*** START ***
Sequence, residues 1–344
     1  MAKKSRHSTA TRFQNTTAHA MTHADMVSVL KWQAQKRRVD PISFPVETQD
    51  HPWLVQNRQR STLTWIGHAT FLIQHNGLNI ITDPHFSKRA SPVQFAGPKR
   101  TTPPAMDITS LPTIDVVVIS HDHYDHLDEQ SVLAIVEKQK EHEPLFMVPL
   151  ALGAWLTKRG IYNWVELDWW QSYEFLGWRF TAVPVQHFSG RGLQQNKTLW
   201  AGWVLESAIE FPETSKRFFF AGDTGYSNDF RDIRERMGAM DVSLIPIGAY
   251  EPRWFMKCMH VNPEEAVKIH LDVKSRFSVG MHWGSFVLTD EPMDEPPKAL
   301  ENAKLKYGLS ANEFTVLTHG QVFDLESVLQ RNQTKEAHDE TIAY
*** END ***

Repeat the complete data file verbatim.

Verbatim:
Sequence, residues 1–344
     1  MAKKSRHSTA TRFQNTTAHA MTHADMVSVL KWQAQKRRVD PISFPVETQD
    51  HPWLVQNRQR STLTWIGHAT FLIQHNGLNI ITDPHFSKRA SPVQFAGPKR
   101  TTPPAMDITS LPTIDVVVIS HDHYDHLDEQ SVLAIVEKQK EHEPLFMVPL
   151  ALGAWLTKRG IYNWVELDWW QSYEFLGWRF TAVPVQHFSG RGLQQNKTLW
   201  AGWVLESAIE FPETSKRFFF AGDTGYSNDF RDIRERMGAM DVSLIPIGAY
   251  EPRWFMKCMH VNPEEAVKIH LDVKSRFSVG MHWGSFVLTD EPMDEPPKAL
   301  ENAKLKYGLS ANEFTVLTHG QVFDLESVLQ RNQTKEAHDE TIAY